BioWissKomm: We should explain that briefly: even with CRISPR, Golden Rice would have required introduction of “foreign DNA.” Even after reforming EU gene-tech laws, the product would be subject to the same strict regulation as conventional genetic engineering.
Potrykus: I warn against the hype and confusion around CRISPR. CRISPR is an efficient technique for obtaining mutations. CRISPR is “sold” as a technique that does not alter the genome. And the claim to be exempt from GMO regulations is based on this. CRISPR has advantages in terms of “loss-of-function” projects, i.e., knocking out specific gene functions. However, CRISPR has great difficulty in “gain-of-function” projects, where additional functions are to be inserted. I observe the curious situation to use CRISPR for quite normal genetic engineering (just replacing Agrobacterium with CRISPR) and then wonder why the regulatory authorities regulate – it as genetic engineering when you transfer “foreign DNA” with CRISPR! Too bad that the number of attractive loss-of-function projects is very limited. Gene editing can complement genetic engineering. Gain-of-function projects, such as Golden Rice will only work (except for some complicated exceptions) with the help of genetic engineering.
Additionally: has anyone ever thought about what this means in terms of patent limitations? The Agrobacterium patents have practically all expired. With CRISPR, we are at the beginning of a decades-long, complicated patent dispute. A horror for the application.
BioWissKomm: Finally, a rather philosophical question: With terms like “nature” and “naturalness” one usually associates something good, something worth protecting. Genes are “natural”, as are genetic changes by mutations – otherwise there would be no evolution. On the other hand, the term “gene technology” contains the word “technology”, which many people associate with placing oneself above nature with a “technology”, which is often interpreted as bad or arrogant. What do the terms “naturalness” and “technology” mean to you. Is man still part of nature at all?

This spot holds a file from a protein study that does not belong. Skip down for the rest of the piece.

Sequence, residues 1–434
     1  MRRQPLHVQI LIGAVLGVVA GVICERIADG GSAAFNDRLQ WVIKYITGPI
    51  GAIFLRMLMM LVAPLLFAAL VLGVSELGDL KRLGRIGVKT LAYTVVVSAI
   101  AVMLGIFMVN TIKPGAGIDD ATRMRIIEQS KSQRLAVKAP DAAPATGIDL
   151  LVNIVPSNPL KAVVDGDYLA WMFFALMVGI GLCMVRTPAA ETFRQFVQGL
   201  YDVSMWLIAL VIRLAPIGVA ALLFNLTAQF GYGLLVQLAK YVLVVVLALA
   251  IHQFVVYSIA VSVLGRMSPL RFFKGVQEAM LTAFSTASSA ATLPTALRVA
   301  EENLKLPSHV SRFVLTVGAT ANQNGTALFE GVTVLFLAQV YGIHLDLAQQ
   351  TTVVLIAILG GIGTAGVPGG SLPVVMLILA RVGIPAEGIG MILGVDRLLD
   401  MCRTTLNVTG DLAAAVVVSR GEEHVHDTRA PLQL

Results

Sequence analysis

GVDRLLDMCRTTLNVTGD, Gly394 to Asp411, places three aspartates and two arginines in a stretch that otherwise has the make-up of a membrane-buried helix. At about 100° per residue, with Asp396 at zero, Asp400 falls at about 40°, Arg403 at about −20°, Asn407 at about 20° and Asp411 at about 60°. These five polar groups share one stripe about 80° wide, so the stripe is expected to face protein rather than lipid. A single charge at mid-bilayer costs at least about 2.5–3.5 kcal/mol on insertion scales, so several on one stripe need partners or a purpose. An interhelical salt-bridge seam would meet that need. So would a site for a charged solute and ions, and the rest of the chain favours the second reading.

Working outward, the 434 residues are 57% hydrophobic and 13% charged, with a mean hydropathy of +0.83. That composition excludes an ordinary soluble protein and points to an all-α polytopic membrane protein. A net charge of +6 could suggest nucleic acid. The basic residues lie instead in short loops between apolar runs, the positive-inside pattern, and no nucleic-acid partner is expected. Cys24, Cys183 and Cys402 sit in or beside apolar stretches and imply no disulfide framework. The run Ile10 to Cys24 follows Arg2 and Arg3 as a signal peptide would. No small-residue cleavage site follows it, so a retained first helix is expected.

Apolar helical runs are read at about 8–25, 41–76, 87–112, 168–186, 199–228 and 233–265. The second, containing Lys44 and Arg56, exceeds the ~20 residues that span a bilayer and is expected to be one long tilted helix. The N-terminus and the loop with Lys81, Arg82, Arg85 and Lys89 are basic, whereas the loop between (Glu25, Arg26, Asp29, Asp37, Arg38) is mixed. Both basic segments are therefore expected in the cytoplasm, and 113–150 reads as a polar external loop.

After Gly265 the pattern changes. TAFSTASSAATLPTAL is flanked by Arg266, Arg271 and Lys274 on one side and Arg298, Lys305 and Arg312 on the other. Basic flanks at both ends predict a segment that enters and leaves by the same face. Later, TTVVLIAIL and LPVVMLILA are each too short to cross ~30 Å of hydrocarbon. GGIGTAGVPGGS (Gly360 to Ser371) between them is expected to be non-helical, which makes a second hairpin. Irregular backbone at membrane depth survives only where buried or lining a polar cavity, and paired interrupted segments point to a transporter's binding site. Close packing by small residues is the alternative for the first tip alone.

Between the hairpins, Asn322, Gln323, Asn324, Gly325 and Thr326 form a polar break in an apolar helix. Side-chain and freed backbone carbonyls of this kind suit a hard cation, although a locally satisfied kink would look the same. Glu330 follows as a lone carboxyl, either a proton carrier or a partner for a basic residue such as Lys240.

Potrykus: Yes, of course, the “dear Mother Earth – Gaia”. “Nature” is neither “dear” nor “kind”. It ignores every moral category. Nature is indifferent, indifferent and consequently follows her laws. Thereby she often appears “cruel” and “unjust”.
Only by using these laws to our advantage – developing techniques – we can survive. I do not argue for excessive exploitation of nature! Man has a moral responsibility. He is obliged to deal with nature in moderation. But our technologies help us to do this. As a biological being, man cannot help but be part of nature. Many people have a completely wrong idea of nature. For example, in its “natural” state, Germany was almost entirely covered by forest, with few tree species and a much lower “biodiversity” than today. What is perceived and transfigured as “natural” in the landscape of pre-industrial times was and is “cultural achievement” of man. This nature has always been in a constant state of change. Technology enabled us to create this cultural achievement. Technology is not our enemy, it is our friend. We should be careful not to fix romanticized “nature” of the last century as a museum. Back then, the majority had to work hard for our food; today, we get it as a gift from a very small minority – thanks to the development of technology in all sectors of agriculture. The vast majority of the population has no idea about agriculture, but thinks it is entitled to constantly dictate how to do it to those who practice farming professionally with experience and success. This discrepancy between ignorance and entitlement – not only in the area of food security but in general – seems to be one of the fundamental causes of Germany’s decline.
BioWissKomm: Ingo Potrykus, we thank you very much for the interview and hope with you that Golden Rice will soon be in the hands of the farmers who need it!
Title photo: White rice and golden rice (Photo: IRRI)
Translated with www.deepl.com , modified by BioWissKomm